The Writer

The writer sat there, knuckles balled up and all white, no blood left in the veins. He was ancient, a fossilized glint in the eye of his bastard son, the son he never knew or would never know. The writer had ordinary eyes. Nothing was special, there was nothing inside them, brown, maybe some black, no beauty. His body was scrawny and frail. It was broken many times throughout his life and it never healed. He had a beard that he grew for many years. Its tobacco stains and smell told stories that even he couldn’t remember. But the beard had stopped growing. It remained even with his bare ribs. He too had stopped growing. He was the same person standing on that shitty altar thirty five years ago, only now, the writer combed a beard and dipped Copenhagen.

His house was still, it was always still. It was circular, not a single corner showed promise of change and the writer took to no notice to the lack of the light and the dust that sucked the paint and lacquer off the deteriorated walls. His studio sat at the top of the house in the attic. The stairs leading to the room were damp and the wood boards soft and caved from the years. A metal lamp hanging from a rusty hooked cracked in the ceiling dimly lighting the scarcely traveled staircase. Crows would circle the address for days and their wings would tire. Eventually they fell dead in their puddles on the writer’s lawn of overgrown dandelions and mustard weed. Air inside the house was scarce and when one found a patch, it was dry and fowl and hurt the back of the throat like the hurt of burning tobacco. The only decoration in the house was a cracked vase perched on the table. It had been purchased years ago from a pawn shop. The price tag was still attached, 6.99. Dandelions and tap water were added to the vase once a week and for two days those flowers shown a brilliant yellow attacking the terrible vagueness of the structure. Then, those flowers died and the water mucked up with blue bottle flies. The water and flowers putrefied for a week and everyday, the writer would look at the vase and smile at the flies bobbing up in down, stressing their wings. He enjoyed studying those flies.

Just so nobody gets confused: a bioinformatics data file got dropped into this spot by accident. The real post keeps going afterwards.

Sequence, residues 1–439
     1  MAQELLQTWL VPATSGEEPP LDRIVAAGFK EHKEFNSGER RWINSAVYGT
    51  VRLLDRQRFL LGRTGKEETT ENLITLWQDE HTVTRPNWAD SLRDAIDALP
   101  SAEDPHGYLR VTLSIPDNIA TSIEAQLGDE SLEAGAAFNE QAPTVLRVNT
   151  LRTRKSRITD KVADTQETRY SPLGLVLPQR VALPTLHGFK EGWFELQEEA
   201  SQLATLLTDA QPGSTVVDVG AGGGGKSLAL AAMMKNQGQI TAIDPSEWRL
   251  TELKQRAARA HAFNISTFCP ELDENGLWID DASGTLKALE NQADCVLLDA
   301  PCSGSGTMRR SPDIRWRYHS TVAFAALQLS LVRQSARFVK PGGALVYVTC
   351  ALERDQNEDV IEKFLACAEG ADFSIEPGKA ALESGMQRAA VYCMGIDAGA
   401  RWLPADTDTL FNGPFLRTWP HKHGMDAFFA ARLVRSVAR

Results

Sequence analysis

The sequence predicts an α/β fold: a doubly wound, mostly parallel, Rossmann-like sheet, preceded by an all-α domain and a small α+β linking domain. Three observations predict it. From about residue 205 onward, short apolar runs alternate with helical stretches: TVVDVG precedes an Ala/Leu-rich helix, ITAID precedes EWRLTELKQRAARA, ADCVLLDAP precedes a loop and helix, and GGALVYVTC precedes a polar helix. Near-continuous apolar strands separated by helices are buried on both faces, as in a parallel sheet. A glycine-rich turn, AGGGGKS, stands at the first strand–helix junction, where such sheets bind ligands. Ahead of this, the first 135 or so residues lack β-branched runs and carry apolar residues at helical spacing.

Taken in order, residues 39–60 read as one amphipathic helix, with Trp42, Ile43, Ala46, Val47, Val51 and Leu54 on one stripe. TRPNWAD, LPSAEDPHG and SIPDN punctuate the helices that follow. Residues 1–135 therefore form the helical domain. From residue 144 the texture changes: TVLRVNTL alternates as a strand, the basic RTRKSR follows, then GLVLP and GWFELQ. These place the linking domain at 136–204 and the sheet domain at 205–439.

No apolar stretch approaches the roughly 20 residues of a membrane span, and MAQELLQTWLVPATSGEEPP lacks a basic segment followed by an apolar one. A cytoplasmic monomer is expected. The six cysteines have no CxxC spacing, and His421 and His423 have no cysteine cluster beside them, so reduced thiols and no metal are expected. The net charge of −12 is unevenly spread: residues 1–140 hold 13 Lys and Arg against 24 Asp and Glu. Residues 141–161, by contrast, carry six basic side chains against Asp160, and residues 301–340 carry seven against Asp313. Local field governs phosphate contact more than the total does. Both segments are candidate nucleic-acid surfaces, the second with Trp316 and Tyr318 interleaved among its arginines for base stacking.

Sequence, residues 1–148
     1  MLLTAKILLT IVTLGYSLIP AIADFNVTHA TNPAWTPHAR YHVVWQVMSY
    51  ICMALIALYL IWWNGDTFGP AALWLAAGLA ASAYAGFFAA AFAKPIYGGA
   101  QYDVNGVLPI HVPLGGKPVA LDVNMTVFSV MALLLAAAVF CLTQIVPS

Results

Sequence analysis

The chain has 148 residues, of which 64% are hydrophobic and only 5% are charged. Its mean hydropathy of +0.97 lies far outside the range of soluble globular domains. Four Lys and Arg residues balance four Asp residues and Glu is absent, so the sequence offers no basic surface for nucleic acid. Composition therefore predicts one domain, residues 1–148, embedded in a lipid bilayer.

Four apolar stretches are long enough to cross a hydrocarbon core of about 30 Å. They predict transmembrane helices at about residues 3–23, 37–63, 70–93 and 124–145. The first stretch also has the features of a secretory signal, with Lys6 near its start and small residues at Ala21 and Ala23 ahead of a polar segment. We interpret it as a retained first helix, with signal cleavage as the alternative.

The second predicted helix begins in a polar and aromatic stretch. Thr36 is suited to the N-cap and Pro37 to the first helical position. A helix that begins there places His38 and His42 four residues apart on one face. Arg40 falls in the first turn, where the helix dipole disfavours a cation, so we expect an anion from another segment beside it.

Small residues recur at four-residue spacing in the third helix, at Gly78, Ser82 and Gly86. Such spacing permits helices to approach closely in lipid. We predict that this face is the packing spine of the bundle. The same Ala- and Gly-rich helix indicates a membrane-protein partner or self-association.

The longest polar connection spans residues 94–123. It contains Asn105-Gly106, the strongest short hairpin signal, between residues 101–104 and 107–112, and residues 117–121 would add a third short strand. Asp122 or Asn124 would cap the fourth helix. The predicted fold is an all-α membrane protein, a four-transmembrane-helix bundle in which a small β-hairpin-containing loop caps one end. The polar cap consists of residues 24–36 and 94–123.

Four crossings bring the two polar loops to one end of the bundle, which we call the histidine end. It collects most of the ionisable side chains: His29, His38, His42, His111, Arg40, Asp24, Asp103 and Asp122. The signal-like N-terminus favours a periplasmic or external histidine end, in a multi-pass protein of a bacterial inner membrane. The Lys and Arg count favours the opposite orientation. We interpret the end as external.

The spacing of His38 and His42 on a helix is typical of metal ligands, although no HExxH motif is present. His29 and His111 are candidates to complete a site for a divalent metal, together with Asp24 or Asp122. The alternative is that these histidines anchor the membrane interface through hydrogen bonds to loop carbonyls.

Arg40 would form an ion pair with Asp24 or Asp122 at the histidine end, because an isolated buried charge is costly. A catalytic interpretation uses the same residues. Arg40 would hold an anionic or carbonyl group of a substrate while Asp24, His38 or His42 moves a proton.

There were no stories or thoughts left in his head.